The bank announced Monday it has converted Japan’s first certificates of ownership backed by securities into security tokens, and is conducting a trial on the digital asset issuance platform Securitize Japan, a unit of Securitize Inc., according to CoinDesk Japan.
The method of raising funds through the issuance of security tokens is called a security token offering (STO). Investors are issued a digital token that represents a physical investment to be stored on a blockchain.
Security tokens became famous in 2018, following the initial coin offering (ICO) boom. Unlike ICOs, STOs were meant to represent a security regulated and traded in accordance with securities regulation. Despite the hype, STOs failed to take off for the most part, particularly in parts of Asia. In fact, in 2018, Beijing’s financial authority warned that STOs were illegal.
The security tokens issued in Japan’s effort have a short-term rating of “a-1” given by the Japan’s leading credit rating service, Rating and Investment Information, and will be launched within the month, according to the announcement. The security tokens are also compliant with Japan’s Financial Instruments and Exchange Act (FIEA), according to a statement from Securitize Japan.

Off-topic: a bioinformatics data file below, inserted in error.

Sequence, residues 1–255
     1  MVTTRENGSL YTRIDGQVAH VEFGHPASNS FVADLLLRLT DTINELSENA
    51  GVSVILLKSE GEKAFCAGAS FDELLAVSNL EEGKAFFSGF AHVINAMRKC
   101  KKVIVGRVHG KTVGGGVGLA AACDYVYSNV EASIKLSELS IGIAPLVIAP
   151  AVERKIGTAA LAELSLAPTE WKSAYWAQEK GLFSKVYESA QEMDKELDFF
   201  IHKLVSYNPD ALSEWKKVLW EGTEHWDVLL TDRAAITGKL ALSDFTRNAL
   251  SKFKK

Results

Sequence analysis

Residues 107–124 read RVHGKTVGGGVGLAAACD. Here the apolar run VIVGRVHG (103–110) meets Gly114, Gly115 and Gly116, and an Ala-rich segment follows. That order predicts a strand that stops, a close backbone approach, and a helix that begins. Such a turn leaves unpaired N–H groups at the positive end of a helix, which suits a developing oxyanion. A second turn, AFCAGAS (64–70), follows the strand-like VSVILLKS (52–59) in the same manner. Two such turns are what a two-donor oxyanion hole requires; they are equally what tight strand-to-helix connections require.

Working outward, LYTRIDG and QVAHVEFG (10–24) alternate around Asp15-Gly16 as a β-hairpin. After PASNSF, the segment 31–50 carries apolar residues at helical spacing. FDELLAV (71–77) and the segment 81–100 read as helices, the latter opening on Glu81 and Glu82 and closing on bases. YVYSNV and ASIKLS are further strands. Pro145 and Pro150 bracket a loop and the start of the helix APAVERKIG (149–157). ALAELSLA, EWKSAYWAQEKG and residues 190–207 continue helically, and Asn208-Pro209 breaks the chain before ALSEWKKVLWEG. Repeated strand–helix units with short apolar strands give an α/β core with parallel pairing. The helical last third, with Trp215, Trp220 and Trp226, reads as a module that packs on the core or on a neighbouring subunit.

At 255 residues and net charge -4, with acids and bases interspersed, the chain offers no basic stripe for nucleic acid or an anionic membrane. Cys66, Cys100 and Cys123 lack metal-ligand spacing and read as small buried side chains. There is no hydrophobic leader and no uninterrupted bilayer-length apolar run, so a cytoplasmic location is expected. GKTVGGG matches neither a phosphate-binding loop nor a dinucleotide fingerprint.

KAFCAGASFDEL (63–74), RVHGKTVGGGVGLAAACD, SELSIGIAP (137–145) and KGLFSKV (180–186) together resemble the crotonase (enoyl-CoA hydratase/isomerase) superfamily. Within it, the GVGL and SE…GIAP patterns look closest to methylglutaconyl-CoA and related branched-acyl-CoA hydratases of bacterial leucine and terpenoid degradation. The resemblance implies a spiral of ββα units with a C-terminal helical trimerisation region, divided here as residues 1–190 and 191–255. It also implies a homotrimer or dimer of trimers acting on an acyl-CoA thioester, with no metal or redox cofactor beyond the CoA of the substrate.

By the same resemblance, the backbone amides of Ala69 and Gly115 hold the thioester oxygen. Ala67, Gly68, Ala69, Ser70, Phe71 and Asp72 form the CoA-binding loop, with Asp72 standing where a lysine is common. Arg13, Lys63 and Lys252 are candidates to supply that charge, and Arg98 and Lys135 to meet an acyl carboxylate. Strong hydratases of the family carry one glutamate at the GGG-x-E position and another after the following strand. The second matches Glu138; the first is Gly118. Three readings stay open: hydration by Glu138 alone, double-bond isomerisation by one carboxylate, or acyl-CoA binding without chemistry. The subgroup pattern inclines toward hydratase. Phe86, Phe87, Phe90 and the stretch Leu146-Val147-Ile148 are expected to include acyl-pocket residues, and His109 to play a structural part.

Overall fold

For the pilot, the bank created beneficiary certificates representing the asset-backed securities and tokenized them on the Securitize platform, the statement said.
Another influential Japanese financial institution, SBI Holdings, announced three days ago it had also completed registration requirements to handle STOs. Additionally, Nomura Holdings, Mizuho Financial, Mitsubishi UFJ Financial and others have been researching and developing digital securities backed by assets such as bonds, stocks and real estate, according to CoinDesk Japan.
Sumitomo Mitsui Trust will continue to research the issuance and management of security tokens for the STO market, according to the announcement. The bank will also be looking into security tokens as a way to connect investors with long-term social impact objectives like the United Nations Sustainable Development Goals (SDG) and Environment, Society and Corporate Governance (ESG).
First published on: Coindesk